Quintana was actually once in the Yankees' system, but was granted his free agency in 2011 before catching on with Chicago seven days later.
Meadows (MLB's No. 9 overall prospect) is one of the most complete position players in the Minor Leagues and will continue his education in Triple-A in 2017. He's a tough player to give up, but adding Quintana without dealing Jameson Taillon or Tyler Glasnow gives the Pirates a shot to win big while they still have Andrew McCutchen and Gerrit Cole. An extreme ground-ball pitcher, Holmes would be a good fit for newly renamed Guaranteed Rate Field, and the 25-year-old Frazier is a valuable utility player who has hit .299 over four seasons of pro ball.
According to MLB Network's Peter Gammons, the White Sox asked the Astros for Francis Martes (Houston's No. 1 prospect), Joe Musgrove and Tucker in exchange for Quintana, so let's try something different.
Tucker, the fifth player taken in the 2015 Draft, is the clear headliner given how Reed's stock plummeted when he hit .164 when he got to Houston last year. Fisher is a speed-power corner outfielder drafted in 2014 and is already in Triple-A. Gustave can hit 100 mph on the radar gun, but is a high-risk proposition.
Trades for Cole Hamels, Beltran and Jonathan Lucroy have thinned out the Texas system, especially from the pitching side. Having Quintana's controlled salary would help the Rangers add a proven hitter via free agency, maybe even Edwin Encarnacion. Profar's value is hurt by already having three years of service time. Gallo's stock is down, but the White Sox could pencil him in at third -- he really wants a chance there -- and trade Todd Frazier.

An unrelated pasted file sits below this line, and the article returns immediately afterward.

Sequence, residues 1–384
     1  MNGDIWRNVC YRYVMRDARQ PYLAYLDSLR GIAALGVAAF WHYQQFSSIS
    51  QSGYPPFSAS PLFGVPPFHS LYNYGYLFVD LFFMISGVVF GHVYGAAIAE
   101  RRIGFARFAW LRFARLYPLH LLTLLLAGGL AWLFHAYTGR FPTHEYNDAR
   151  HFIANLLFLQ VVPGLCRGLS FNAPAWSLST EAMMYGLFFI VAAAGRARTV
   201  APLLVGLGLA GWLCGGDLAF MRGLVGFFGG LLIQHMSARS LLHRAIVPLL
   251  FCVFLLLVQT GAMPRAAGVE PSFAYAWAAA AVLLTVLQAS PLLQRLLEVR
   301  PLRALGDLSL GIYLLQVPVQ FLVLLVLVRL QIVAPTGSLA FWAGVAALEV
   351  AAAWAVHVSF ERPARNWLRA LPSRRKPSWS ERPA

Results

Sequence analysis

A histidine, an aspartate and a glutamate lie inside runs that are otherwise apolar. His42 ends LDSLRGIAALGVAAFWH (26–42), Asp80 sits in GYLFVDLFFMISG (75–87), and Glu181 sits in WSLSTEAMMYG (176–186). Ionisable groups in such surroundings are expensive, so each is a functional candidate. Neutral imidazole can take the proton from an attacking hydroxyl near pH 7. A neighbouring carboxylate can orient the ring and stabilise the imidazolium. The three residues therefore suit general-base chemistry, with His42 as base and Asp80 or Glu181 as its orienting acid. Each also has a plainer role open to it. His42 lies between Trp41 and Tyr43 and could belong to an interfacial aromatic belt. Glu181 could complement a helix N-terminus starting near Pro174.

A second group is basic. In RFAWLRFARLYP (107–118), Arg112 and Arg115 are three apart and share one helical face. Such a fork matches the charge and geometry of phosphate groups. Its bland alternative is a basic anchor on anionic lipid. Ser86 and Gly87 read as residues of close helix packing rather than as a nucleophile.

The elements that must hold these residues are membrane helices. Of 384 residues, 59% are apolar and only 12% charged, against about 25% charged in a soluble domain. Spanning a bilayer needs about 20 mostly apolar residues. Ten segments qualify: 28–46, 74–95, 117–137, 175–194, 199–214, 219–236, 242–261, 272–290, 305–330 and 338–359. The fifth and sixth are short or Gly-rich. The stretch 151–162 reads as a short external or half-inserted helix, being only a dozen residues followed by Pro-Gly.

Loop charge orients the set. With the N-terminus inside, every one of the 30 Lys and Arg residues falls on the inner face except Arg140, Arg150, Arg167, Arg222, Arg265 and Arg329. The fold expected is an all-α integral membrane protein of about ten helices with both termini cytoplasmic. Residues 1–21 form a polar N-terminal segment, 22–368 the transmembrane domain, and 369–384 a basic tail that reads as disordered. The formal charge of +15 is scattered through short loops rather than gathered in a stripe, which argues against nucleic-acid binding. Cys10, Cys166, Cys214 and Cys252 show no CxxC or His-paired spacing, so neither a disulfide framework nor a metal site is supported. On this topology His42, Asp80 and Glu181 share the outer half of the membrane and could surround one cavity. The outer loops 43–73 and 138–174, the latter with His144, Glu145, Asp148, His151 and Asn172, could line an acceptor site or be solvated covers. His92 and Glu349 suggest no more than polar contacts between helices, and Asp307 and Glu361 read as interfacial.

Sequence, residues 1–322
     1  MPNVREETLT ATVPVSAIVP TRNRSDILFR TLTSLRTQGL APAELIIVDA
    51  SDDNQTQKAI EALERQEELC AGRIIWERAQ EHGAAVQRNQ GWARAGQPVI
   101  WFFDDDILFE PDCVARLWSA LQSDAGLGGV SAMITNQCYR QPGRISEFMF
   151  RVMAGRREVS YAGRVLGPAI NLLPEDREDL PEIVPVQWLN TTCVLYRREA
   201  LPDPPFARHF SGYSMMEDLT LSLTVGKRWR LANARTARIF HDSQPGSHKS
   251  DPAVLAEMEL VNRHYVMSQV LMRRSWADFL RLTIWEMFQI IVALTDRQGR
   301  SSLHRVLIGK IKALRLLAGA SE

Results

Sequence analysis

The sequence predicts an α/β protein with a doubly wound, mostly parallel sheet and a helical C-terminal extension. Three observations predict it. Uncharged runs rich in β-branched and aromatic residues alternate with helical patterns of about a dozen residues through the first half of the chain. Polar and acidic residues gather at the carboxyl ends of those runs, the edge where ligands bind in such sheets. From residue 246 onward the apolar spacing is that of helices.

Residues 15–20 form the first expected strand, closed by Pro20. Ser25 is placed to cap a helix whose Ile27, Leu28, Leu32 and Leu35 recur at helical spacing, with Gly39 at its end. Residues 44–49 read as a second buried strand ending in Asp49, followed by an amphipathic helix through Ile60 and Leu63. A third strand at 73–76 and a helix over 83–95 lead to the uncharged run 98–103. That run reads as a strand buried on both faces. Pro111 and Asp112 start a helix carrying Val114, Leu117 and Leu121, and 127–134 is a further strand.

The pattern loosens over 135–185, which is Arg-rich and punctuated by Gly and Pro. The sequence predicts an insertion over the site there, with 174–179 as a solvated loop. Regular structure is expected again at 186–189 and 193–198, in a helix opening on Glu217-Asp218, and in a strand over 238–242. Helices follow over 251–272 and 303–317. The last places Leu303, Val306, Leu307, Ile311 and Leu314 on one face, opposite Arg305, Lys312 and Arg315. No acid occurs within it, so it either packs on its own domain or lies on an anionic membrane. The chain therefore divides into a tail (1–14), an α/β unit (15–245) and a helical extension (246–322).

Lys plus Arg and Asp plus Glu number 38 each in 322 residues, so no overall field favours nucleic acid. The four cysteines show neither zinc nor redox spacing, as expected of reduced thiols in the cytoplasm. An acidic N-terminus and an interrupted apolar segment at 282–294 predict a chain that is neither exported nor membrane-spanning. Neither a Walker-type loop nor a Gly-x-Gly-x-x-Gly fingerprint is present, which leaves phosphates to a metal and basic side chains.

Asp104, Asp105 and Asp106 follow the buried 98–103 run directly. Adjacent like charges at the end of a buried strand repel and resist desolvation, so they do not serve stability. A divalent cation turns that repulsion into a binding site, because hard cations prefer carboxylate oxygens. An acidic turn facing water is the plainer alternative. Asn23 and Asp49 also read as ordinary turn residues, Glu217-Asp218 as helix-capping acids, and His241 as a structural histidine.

ROCKIES Proposal: Quintana for SS Brendan Rodgers (No. 1 prospect), outfielder Raimel Tapia (No. 4) and catcher Tom Murphy(No. 10)
Tapia and Murphy could emerge as regulars for the White Sox out of Spring Training, but Rodgers -- MLB's No. 6 prospect and the third pick in the 2015 Draft -- is the headliner. He's probably two years away from the Majors, however, and Trevor Story has the shortstop position under control in Colorado.
Kelly, the heir apparent to Yadier Molina, might be as big of a piece for the White Sox as Bader and Weaver. However, none of these guys are among MLB's top 75 prospects, with Weaver and Bader coming in at Nos. 81 and 82, respectively. In other words, it might be hard for St. Louis to swing a deal without Alex Reyes, their top prospect, which is something they are unlikely to want to do with Reyes in the Cards' immediate plans.
DODGERS Proposal: Quintana for RHP Jose De Leon (No. 2), OF Alex Verdugo (No. 3), RHP Walker Buehler (No. 7), C Austin Barnes (No. 10)
Maybe the White Sox can't get four of Los Angeles' top 10 prospects for Quintana. But if first baseman Clay Bellinger, the Dodgers' top prospect, isn't in the deal, it has to be heavy. With so many teams interested in Quintana -- not to mention no urgency to move him -- there's no reason for Hahn to sell short.
Phil Rogers is a columnist for MLB.com. This story was not subject to the approval of Major League Baseball or its clubs.